BEVERLY HILLS, Calif. (AP) — "Downton Abbey" will be back for its fifth season on Jan. 4, but the return date for another hit PBS series, "Sherlock," is up in the air, PBS chief executive Paula Kerger said Tuesday. "We will have to wait to know when it's finished and available," Kerger said of the mystery starring Benedict Cumberbatch. "Whenever it comes, we'll put it in a wonderful place." PBS is making its shows available for flexible viewing, using both digital platforms and creative scheduling on public TV stations, she said. All episodes of Ken Burns' "The Roosevelts," for instance, will be available for streaming the day after the first episode airs on Sept. 14. Don't expect the same treatment for stately manor soap opera "Downton Abbey." "'Downton Abbey' will have some surprises in it. I think you know what's going to happen to the Roosevelts," Kerger said. Other PBS announcements from Kerger: — "Walt Disney," a four-hour, two-night film about the life and legacy of the entertainment groundbreaker, will air in fall 2015 as part of the "American Experience" series. — Kristin Chenoweth will serve as host of PBS' fall arts festival featuring theater and music on Friday nights starting Sept. 29. Productions include "Sweeney Todd: The Demon Barber of Fleet Street," ''The Gershwins' Porgy and Bess," Tony Bennett and Lady Gaga performing on "Great Performances," and the special "Kristen Chenoweth: Coming Home." — Drama series "Call the Midwife" will return for a fourth season on March 29. — "The Brain with Dr. David Eagleman," described as a "visually spectacular journey" into the human brain, will air as part of the "Think Wednesday" lineup of science and nature programming in 2015. Copyright (2014) Associated Press. All rights reserved. This material may not be published, broadcast, rewritten, or redistributed.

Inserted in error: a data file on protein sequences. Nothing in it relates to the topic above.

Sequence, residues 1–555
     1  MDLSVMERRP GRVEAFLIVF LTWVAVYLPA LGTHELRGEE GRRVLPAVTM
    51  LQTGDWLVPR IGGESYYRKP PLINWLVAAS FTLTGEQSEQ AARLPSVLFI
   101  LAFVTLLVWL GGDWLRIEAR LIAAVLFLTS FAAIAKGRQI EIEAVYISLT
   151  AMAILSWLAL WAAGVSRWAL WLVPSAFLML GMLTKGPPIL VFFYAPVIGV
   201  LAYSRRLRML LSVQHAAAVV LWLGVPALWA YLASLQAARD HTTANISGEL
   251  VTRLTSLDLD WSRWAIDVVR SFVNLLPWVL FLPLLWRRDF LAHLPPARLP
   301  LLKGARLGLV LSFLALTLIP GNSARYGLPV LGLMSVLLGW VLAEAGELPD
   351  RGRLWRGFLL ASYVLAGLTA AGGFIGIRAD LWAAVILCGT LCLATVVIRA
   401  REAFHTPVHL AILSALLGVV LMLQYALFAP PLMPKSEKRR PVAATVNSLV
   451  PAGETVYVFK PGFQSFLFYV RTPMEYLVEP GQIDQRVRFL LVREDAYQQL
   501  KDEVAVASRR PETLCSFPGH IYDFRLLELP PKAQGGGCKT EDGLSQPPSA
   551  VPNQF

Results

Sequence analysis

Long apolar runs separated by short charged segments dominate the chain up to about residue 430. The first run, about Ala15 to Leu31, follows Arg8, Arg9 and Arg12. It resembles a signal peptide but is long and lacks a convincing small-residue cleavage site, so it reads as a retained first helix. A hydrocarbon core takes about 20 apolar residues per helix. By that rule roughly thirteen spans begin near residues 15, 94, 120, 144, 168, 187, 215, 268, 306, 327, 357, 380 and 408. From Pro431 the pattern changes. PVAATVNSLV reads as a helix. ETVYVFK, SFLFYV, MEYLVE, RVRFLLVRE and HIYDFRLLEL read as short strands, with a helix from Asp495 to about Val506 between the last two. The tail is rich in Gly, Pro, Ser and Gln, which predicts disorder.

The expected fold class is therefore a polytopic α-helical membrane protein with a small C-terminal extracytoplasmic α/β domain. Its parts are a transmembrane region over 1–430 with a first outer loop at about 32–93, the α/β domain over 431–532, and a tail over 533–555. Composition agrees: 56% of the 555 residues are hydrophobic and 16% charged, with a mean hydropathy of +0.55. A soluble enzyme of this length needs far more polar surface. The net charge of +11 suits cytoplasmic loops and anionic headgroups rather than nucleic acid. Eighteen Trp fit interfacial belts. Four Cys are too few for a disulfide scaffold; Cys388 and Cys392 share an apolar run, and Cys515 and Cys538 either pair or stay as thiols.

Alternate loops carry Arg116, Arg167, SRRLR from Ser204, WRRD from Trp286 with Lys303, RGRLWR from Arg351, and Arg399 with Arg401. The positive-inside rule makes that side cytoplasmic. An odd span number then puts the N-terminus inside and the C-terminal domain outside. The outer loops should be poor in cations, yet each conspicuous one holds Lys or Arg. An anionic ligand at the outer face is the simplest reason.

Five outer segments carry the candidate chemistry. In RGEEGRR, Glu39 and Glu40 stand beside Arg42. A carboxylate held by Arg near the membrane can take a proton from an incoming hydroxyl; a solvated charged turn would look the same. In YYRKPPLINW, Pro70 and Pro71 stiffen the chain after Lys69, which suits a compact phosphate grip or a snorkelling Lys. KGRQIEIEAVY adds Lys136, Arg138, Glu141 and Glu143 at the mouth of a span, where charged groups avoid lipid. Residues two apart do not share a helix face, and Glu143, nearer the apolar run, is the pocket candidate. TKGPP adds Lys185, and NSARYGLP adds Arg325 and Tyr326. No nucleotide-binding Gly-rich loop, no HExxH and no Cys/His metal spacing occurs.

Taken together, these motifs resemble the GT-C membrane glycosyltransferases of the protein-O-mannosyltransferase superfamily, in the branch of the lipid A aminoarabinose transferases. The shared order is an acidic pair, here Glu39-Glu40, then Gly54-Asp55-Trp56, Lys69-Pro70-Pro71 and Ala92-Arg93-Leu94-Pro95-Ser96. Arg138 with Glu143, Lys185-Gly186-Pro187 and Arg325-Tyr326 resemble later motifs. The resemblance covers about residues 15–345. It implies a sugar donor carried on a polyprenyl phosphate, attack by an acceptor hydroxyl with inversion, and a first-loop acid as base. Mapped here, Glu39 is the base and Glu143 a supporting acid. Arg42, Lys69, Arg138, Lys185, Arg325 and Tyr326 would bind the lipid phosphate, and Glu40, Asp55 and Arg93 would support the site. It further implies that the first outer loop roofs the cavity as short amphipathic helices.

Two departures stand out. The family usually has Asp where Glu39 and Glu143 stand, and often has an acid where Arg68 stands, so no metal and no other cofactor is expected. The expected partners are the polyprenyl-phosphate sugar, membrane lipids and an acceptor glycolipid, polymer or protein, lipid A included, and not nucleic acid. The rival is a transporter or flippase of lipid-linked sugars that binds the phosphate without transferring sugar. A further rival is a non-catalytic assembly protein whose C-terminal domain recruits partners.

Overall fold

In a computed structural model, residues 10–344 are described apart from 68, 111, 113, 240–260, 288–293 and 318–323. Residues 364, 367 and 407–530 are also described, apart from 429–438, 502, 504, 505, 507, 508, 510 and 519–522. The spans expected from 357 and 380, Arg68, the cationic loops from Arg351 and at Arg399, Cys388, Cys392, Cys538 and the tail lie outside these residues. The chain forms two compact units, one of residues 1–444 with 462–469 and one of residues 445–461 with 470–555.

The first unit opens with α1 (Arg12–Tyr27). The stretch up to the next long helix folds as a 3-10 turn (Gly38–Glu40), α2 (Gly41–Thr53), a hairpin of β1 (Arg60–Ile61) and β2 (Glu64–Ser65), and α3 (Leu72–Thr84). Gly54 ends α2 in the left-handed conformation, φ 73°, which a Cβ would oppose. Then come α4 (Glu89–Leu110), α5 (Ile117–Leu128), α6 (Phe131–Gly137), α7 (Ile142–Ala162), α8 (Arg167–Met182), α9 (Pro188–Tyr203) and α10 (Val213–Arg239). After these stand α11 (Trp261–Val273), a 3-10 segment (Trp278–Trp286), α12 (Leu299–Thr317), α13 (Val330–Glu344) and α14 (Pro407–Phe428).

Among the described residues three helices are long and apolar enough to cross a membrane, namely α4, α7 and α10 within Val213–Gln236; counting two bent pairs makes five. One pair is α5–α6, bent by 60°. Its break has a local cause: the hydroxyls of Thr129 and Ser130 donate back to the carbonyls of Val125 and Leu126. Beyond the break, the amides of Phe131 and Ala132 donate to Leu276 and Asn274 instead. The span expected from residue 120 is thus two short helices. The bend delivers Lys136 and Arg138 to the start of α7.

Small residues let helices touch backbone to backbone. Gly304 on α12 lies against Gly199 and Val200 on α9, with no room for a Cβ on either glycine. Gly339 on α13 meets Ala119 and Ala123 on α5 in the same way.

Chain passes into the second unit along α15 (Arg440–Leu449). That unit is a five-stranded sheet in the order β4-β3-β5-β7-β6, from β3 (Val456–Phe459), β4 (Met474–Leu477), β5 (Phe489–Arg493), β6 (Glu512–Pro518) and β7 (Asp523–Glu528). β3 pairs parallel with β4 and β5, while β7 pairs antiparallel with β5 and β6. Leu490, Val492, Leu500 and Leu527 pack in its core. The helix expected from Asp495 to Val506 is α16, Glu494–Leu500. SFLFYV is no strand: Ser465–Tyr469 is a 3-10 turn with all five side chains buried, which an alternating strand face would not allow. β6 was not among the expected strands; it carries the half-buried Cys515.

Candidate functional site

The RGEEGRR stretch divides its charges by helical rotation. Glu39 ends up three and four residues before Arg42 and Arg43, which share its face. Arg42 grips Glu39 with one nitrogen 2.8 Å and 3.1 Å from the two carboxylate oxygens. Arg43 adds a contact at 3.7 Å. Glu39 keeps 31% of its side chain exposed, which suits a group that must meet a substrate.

No romance for 'Downton Abbey' in-laws, say actors